Furthermore, for those who may not be familiar with how polytheisms worked in the ancient world (when the entire world was, for the most part, polytheistic), adults were free to initiate into whatever cultus they wished, but there was almost always the veneration of one’s family, ancestral, and community Gods as well. One did not negate the other but because people were raised with a polytheistic understanding of the world, raised steeped in family and community cultus, they understood far better than we how to approach the sacred. It’s not that easy to learn when one is older.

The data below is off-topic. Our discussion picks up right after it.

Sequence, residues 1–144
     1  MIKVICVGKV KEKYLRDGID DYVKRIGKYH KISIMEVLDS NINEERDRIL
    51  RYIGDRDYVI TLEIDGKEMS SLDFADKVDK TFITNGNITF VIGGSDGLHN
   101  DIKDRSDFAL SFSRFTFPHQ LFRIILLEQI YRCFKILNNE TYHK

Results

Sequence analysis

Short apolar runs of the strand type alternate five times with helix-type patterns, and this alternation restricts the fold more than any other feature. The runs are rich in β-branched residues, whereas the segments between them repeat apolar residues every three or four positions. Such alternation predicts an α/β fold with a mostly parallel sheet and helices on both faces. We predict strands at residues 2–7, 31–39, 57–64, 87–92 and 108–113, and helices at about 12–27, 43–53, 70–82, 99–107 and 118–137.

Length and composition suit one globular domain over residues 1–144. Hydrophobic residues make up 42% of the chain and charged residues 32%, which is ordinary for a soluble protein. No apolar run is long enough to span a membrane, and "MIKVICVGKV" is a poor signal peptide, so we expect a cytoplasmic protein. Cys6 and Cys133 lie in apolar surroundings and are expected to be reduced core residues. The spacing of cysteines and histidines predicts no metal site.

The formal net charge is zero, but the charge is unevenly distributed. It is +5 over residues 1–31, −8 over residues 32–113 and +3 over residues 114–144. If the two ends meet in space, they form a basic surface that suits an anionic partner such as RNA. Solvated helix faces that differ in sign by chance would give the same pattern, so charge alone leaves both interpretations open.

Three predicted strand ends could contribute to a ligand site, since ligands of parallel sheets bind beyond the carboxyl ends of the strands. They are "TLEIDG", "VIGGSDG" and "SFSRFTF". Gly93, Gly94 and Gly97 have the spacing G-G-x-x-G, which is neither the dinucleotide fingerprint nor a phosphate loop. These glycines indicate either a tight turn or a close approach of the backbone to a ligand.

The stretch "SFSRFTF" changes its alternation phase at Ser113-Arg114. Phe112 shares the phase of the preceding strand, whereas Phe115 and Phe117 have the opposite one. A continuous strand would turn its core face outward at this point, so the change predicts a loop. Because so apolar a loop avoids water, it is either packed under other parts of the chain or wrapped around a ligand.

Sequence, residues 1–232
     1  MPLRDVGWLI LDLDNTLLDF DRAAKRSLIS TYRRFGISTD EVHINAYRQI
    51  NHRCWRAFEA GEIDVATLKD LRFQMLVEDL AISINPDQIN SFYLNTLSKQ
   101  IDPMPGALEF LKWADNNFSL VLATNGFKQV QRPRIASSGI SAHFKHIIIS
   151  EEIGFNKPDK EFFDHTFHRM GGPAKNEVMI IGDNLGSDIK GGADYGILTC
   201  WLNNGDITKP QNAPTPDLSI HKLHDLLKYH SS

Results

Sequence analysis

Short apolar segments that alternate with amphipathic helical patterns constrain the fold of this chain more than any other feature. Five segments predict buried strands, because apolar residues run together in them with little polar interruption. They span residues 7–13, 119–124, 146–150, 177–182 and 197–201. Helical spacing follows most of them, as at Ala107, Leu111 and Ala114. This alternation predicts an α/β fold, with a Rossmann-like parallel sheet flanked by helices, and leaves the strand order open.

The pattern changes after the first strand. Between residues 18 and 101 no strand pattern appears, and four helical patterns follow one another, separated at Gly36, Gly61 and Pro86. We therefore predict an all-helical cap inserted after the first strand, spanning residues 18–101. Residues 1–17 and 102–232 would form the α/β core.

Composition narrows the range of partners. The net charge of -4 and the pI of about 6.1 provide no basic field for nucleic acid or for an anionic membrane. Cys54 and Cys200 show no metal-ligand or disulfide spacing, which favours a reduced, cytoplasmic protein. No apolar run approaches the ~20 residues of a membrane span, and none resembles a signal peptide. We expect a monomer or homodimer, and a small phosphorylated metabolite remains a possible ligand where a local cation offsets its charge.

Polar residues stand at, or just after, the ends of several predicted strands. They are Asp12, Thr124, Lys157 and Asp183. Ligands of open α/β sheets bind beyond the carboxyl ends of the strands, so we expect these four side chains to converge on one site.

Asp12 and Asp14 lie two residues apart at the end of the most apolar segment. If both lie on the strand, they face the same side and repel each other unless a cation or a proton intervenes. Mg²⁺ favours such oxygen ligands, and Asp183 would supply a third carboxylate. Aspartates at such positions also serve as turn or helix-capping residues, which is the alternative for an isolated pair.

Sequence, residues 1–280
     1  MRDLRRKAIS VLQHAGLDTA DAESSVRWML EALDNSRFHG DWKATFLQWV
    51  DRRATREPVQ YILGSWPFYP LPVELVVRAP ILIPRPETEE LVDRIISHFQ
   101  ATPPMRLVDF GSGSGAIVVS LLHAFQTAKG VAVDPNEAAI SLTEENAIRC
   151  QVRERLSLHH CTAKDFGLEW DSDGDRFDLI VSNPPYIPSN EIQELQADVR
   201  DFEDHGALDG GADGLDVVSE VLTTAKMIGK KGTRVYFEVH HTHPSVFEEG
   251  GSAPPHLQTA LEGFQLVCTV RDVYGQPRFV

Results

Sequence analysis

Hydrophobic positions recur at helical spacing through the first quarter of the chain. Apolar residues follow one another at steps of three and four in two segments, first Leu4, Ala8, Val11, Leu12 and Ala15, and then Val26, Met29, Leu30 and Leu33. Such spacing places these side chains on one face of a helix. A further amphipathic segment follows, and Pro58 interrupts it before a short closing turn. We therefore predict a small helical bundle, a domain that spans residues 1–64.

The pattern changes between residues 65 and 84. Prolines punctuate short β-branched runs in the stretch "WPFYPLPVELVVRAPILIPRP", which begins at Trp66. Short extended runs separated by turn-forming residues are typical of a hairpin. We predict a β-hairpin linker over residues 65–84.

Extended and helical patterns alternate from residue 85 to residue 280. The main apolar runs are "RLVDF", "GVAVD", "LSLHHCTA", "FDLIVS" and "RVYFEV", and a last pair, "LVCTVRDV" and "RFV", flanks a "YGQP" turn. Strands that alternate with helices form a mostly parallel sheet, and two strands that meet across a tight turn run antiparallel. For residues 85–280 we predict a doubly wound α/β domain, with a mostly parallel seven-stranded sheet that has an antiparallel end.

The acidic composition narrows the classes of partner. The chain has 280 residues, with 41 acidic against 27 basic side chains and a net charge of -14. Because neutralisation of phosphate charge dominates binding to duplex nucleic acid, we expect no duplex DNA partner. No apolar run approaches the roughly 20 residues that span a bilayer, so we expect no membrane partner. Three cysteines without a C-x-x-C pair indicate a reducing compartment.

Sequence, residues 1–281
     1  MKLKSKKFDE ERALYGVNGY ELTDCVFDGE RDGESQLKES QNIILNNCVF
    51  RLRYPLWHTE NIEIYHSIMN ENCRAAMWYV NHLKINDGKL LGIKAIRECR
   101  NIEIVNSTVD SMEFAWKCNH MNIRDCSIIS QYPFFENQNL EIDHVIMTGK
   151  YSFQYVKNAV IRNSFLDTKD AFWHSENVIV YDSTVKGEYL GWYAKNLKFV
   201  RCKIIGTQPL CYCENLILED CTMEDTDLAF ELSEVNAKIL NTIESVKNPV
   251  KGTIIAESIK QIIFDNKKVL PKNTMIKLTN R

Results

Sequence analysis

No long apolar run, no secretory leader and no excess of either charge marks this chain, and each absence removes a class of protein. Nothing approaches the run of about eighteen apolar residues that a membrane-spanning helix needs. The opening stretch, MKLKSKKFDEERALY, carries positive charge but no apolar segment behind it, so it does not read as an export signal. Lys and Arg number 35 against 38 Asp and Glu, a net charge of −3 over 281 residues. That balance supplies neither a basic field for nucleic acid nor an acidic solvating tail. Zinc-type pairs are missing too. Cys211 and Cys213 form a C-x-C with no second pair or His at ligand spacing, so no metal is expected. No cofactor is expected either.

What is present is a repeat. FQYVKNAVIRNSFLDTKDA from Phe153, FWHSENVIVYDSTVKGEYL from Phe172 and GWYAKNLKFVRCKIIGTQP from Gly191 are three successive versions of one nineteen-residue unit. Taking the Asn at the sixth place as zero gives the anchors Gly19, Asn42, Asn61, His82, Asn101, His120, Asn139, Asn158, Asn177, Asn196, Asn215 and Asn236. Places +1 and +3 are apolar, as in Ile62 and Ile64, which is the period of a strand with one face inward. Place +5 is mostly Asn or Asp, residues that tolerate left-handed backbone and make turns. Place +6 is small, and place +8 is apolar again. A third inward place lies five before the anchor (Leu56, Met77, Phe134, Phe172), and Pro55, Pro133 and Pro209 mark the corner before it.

There’s been a lot of study done on the acquisition of grammar and apparently there is a very brief and finite window wherein a child can learn to use grammar.(2) If a child is not exposed to language at that time (and it is very young, if I recall my reading correctly, before the age of three), then he or she will be incapable of learning it later. That part of the brain shuts down. The connections are not made and the capability for them to be so later disappears. I would maintain that the same paradigm can be carried over to teaching about spiritual and devotional connections. If a child isn’t exposed to it young, maybe they’ll never learn to do it well. Maybe it will always be a struggle. Maybe those spiritual connections, the ability to form them, will atrophy. Hell, half the issues we are dealing with in the polytheistic communities today are a direct result of the fact that almost none of us were raised polytheistic.